comp.robotics.* Frequently Asked Questions (FAQ) part 5/5

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Kevin Dowling

Sep 16, 1996, 3:00:00 AM9/16/96

Archive-name: robotics-faq/part5
Last Modified: Mon Sep 16 01:00:38 EDT 1996

This FAQ was compiled and written by Kevin Dowling with numerous
contributions by readers of comp.robotics. Acknowledgements are listed
at the end of the FAQ.

This post, as a collection of information, is Copyright 1995 Kevin
Dowling. Distribution through any means other than regular Usenet
channels must be by permission. The removal of this notice is

This FAQ may be posted to any USENET newsgroup, on-line service, or
BBS as long as it or the section is posted in its entirety and
includes this copyright statement. This FAQ may not be distributed for
financial gain. This FAQ may not be included in commercial collections
or compilations without express permission from the author.

Please send changes, additions, suggestions and questions to:
Kevin Dowling tel: 412.268.8830
Robotics Institute fax: 412.268.5895
Carnegie Mellon University net: [2]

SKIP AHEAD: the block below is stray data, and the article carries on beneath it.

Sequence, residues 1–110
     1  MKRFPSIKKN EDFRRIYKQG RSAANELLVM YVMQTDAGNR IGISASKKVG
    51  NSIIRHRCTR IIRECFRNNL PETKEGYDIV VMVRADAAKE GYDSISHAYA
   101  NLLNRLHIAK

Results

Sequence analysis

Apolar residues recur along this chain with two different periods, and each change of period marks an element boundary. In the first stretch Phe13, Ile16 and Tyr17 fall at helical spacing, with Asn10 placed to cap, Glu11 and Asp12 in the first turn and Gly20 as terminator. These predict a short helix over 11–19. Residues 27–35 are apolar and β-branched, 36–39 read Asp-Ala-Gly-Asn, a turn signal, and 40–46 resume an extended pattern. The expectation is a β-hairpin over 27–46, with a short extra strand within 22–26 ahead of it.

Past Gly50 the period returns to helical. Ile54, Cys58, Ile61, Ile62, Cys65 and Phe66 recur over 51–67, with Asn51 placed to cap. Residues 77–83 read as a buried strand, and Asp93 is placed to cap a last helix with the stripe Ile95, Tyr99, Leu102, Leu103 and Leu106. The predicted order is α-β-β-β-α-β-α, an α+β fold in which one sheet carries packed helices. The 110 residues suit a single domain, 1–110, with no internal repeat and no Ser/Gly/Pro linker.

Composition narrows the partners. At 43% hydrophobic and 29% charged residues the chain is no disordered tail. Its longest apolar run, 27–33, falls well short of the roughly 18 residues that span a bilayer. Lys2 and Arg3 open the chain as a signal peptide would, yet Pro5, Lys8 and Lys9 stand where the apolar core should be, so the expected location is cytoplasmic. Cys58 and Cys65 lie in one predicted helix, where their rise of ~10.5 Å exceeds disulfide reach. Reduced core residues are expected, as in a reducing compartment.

Pittsburgh, PA 15213 url: [3]

This FAQ may be referenced as:

Dowling, Kevin (1995) "Robotics: comp.robotics Frequently Asked
Questions" Available as a hypertext document at 90+ pages.

Last-Modified: Thu Dec 7 16:40:11 1995

[4]Kevin Dowling <>


[11] Whatever happened to Heathkit Hero Robots?


Benton Harbor, MI
tel: 800.253.0570 (Heathkit Educational Systems)

Heros are no longer being made but Heath (Zenith) still offers some
replacement parts. They had about 8 years of sales: 4,000 Hero Jr's,
3,000 Hero 2000's, 14,000 assembled Hero 1's. Ones with less
capability didn't do as well but higher priced ones did ok in the
market. Service and maintainability are a problem due to the sheer
number of bolts, pulleys, boards, sensors, cables etc. Used ones can
be picked up cheap - but caveat emptor. Heath still sells electronics
training kits but nothing in robotics

There is a mailing group for hero owners managed by Dave Goodwin:
Send the following command in the message body:
Subscribe Hero-owners

You may also want to include a HELP command line to get the commands
and their syntax. Note that the subject on the message is irrelevant.
Of course, to post a message to the group, just send it to hero-owners
at the same host.

The Mailserv software can handle files as well, but none are currently
available. Hopefully, list subscribers will start to provide any nifty
code they write for the archive.

Finally, the list of subscribers is available from the Mailserv. See
the help file for how to get it. Questions or problems should be
addressed to [4], not at the waldo address.

San Francisco Robotics Society of America ( used to
have a Hero robot group meeting every month.

Last-Modified: Sun Aug 11 08:51:12 1996

[5]Kevin Dowling <>